5 Concentrations for a Master’s in Human Resources
Master’s in Human Resources Areas of Concentration
- Health Care Management
- Business Administration
- Organizational Leadership
- Data Science
According to the Bureau of Labor Statistics, as the global workforce grows, the industry of human resource management grows within and alongside every industry. From manufacturing to information technology, HR managers fulfill the essential tasks of not just determining how many staff a company needs, but in quantifying necessary skill sets, hiring workers, and working alongside company management to determine future growth.
Master’s degrees in human resources are becoming more common – and more and more HR majors are choosing a concentration to enable them to be more employable in their industry of choice. Here are five concentrations for a Master’s in Human Resources.
1. Health Care Management
With public health care on the rise globally, HR managers with this concentration are in demand more than ever in the medical industry. Whether the degree holder works in a hospital, at the Center for Disease Control or with an agency that helps to manage Medicaid and Medicare, health care management is becoming an immensely popular concentration because of how many job opportunities the candidate will gain access to.
2. Business Administration
A concentration in business administration can help launch the degree holder into upper-tier jobs within the HR industry because it helps the HR manager to understand their work in the broader context of company operations and to better understand and fulfill the company’s needs. It also helps the HR manager to actively participate in the planning and growth of company enterprises. A concentration in business administration can lead to high-powered positions in companies with global reach and economic impact, making it one of the most popular concentrations for master’s degree candidates in HR.
3. Organizational Leadership
Organizational leadership has become another popular concentration in master’s degree programs in human resources. With intensive classes in psychology and sociology, as well as organizational ethics and smaller group dynamics, a concentration in organizational leadership enables HR managers to not only assist mid and upper management professionals in developing effective leadership styles, but in resolving workplace problems – especially those that may arise between workers and managers. A concentration in organizational leadership also enables HR managers to hire more effectively, taking a candidate’s experience, personality, and style into account when making hiring decisions.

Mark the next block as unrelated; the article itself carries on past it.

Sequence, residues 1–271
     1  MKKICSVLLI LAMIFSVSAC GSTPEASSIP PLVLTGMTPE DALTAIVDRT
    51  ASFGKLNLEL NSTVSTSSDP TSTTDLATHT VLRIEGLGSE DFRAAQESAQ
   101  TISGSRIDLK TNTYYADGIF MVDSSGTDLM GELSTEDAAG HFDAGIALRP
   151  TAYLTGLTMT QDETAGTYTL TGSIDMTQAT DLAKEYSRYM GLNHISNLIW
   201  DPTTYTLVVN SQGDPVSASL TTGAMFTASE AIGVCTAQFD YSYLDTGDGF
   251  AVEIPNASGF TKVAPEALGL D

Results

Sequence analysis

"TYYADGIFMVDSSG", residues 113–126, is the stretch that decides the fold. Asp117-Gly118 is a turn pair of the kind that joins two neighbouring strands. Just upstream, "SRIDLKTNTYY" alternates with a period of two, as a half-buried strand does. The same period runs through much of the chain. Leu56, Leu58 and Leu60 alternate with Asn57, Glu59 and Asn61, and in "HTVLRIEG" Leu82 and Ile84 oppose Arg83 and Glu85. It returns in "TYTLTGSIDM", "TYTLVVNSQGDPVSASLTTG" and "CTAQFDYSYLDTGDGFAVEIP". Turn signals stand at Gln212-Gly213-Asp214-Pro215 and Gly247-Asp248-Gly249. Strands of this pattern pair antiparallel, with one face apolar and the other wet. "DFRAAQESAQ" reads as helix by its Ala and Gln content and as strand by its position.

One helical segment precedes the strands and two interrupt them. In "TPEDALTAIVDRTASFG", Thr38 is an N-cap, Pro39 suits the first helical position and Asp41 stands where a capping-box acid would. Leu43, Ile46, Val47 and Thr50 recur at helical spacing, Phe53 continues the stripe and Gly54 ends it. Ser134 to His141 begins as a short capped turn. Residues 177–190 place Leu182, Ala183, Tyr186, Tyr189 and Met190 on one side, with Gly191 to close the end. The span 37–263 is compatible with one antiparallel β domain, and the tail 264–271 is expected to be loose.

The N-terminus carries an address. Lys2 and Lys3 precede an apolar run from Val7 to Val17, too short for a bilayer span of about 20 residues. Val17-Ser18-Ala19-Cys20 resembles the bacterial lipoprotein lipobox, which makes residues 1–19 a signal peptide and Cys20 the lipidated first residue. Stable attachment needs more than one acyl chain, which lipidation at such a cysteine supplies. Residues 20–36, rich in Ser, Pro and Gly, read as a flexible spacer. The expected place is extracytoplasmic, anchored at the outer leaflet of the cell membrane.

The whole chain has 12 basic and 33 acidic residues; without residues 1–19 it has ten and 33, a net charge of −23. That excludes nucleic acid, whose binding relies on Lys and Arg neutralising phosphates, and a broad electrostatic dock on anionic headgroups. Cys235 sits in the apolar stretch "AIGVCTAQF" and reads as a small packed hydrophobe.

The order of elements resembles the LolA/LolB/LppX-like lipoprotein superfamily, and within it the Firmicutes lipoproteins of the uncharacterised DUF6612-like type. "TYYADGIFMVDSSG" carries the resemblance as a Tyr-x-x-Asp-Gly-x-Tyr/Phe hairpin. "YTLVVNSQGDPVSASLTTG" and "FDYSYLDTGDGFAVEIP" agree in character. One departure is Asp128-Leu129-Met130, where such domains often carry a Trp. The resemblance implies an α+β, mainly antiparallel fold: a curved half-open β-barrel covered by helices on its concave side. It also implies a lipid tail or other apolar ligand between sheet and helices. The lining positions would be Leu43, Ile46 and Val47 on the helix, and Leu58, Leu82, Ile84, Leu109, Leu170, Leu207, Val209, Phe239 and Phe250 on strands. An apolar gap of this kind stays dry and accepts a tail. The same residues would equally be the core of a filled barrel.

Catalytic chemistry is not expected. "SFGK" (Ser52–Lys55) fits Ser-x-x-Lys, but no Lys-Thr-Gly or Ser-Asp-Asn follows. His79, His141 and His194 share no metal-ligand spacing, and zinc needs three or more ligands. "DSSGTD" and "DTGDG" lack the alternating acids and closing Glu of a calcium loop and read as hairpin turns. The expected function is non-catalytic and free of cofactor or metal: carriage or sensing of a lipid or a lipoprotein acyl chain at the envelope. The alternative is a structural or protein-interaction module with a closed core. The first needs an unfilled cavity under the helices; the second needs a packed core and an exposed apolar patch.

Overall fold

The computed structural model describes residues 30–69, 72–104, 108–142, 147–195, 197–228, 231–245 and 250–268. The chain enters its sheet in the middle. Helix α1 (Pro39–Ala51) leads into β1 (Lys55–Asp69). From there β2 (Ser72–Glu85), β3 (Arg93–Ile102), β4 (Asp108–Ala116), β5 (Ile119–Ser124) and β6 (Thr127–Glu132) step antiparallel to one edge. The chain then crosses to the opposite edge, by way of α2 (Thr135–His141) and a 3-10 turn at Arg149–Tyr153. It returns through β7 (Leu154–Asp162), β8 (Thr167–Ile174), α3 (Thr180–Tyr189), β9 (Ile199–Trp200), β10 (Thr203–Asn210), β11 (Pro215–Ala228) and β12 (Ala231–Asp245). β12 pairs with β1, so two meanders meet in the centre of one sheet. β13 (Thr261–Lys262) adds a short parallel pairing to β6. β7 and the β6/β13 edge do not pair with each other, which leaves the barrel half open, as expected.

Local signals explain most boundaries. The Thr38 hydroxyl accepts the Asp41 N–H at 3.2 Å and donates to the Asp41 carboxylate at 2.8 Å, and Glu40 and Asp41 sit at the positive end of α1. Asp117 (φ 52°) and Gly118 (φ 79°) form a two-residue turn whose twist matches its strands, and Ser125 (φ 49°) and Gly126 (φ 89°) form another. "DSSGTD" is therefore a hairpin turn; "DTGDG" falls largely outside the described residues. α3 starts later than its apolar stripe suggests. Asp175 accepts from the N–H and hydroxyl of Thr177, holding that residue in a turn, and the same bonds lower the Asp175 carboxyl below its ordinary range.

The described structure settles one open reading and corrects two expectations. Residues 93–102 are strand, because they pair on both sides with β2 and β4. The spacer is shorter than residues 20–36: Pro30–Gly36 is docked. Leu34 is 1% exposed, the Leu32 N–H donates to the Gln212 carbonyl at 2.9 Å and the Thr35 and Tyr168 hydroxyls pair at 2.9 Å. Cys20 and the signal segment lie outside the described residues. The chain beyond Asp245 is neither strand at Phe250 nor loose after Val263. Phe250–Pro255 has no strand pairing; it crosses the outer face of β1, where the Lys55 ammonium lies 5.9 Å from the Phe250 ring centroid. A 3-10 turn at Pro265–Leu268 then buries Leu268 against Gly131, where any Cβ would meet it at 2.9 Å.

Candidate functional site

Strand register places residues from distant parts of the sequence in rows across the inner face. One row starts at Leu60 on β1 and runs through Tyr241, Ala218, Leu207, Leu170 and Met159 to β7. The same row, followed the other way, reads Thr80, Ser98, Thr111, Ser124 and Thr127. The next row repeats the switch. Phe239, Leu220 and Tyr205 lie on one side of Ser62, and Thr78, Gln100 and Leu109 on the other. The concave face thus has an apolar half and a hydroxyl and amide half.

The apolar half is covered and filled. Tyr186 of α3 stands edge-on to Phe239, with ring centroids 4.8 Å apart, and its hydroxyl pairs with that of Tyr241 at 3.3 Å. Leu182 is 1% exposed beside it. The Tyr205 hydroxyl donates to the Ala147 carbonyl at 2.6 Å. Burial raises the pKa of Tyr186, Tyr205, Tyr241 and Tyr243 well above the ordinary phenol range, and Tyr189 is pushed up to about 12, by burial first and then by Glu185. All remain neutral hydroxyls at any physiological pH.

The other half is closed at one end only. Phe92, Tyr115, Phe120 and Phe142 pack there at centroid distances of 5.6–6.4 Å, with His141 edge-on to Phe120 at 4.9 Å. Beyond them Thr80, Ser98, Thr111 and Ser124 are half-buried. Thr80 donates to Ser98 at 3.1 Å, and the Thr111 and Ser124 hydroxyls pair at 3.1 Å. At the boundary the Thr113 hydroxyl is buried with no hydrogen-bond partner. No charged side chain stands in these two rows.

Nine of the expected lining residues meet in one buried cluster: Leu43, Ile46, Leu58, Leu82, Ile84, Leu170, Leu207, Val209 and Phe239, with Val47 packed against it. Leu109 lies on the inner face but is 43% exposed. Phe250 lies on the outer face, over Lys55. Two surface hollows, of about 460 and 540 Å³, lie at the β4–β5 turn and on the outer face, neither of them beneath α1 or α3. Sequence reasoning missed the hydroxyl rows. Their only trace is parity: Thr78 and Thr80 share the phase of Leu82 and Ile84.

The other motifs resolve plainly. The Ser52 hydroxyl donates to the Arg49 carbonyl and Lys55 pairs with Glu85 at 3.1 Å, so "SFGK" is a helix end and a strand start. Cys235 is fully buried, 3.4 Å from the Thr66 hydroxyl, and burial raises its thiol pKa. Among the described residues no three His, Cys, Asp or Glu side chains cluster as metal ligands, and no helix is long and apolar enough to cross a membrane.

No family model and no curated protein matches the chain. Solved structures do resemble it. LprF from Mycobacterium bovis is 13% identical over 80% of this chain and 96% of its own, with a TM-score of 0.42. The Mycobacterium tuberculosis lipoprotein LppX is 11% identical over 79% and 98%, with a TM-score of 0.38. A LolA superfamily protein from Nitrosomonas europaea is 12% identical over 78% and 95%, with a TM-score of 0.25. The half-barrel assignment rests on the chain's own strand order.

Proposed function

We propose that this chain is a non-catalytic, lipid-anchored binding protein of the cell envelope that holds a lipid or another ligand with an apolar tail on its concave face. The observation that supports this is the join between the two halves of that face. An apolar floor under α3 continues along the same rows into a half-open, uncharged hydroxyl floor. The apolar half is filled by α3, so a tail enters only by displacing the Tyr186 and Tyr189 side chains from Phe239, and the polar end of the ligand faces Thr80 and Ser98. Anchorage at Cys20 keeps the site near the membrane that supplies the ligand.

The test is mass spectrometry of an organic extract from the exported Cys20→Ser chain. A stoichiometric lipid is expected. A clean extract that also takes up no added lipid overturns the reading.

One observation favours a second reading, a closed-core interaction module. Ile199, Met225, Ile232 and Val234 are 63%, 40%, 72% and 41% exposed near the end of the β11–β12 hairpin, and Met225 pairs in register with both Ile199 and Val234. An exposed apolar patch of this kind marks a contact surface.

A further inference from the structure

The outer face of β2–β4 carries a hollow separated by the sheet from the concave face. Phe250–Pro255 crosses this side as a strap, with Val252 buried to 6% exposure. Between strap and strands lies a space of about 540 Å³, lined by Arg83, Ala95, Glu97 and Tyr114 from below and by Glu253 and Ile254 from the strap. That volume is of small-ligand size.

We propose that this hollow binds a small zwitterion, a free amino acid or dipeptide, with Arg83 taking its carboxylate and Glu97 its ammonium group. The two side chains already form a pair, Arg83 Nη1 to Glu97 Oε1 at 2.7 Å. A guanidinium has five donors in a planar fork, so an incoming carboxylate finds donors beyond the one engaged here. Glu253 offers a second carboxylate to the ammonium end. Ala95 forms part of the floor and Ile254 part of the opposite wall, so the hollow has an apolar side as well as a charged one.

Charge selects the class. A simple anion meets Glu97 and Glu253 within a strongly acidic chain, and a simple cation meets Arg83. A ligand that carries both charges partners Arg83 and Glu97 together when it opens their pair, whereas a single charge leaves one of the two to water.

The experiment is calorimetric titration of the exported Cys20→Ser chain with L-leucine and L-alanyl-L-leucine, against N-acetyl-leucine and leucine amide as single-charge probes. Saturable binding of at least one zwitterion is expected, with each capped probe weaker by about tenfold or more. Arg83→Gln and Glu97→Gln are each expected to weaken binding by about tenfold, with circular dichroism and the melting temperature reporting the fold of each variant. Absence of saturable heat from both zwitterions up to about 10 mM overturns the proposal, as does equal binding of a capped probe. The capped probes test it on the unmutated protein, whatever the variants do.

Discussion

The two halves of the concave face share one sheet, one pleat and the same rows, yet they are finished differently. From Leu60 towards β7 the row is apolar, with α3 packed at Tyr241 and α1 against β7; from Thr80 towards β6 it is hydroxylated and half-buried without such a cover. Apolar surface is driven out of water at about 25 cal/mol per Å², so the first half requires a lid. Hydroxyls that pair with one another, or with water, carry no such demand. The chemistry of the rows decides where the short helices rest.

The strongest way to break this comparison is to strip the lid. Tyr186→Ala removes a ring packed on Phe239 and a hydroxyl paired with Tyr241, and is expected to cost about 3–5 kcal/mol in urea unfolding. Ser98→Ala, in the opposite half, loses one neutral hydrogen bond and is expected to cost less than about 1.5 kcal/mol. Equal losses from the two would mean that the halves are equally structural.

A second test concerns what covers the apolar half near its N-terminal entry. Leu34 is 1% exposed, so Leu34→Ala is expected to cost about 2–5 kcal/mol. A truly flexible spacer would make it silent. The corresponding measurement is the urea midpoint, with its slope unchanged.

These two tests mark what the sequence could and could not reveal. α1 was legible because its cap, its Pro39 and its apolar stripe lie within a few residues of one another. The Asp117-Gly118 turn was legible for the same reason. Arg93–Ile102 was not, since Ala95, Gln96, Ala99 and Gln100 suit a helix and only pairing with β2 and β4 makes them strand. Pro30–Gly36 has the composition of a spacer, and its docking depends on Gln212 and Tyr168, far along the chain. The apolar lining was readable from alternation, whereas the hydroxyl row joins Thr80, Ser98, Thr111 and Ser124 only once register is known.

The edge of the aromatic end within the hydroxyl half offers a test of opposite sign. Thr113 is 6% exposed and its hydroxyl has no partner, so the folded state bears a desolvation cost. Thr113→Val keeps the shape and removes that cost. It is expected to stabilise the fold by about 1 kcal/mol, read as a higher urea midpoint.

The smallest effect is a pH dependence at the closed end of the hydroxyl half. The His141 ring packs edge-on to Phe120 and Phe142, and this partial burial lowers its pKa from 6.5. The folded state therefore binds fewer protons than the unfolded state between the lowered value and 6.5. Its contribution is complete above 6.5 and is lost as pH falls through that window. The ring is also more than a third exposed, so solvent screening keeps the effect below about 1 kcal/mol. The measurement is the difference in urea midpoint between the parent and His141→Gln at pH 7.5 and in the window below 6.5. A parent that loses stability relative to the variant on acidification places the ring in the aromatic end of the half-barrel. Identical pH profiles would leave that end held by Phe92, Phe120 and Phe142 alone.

Degree candidates who take a concentration in accounting may find their way into not only the role of HR manager, but in determining, publishing, and managing the budget and finances of the human resources department. A thorough understanding of accounting, in tandem with HR skills and knowledge, will help HR managers not only hire effectively, but also within the company’s means financially.
5. Data Science
Data science has become an immensely popular concentration in a variety of majors, and HR is no exception. A concentration in data science assists the HR manager in determining a huge range of contributing factors to a company’s success or failure, from consumption of resources and the usage of company time to what perks and salaries its employees are most – or least – satisfied with. A concentration in data science will also enable HR managers to determine what skill sets are performing best in company context and work to employ more workers with those skill sets with a package that will keep them happy and focused.
No matter what industry HR managers choose to work in, each of these concentrations will assist the master’s candidate in gaining access to an excellent position and participating actively in their company’s success.
There’s a reason why you hear so much about applying to medical school. It is quite the undertaking under the best circumstances, but today in a post-COVID age, the process is made that much harder. As of 2019, the average acceptance rate was a meager 6.7% of all applicants, so it pays to be prepared. […]
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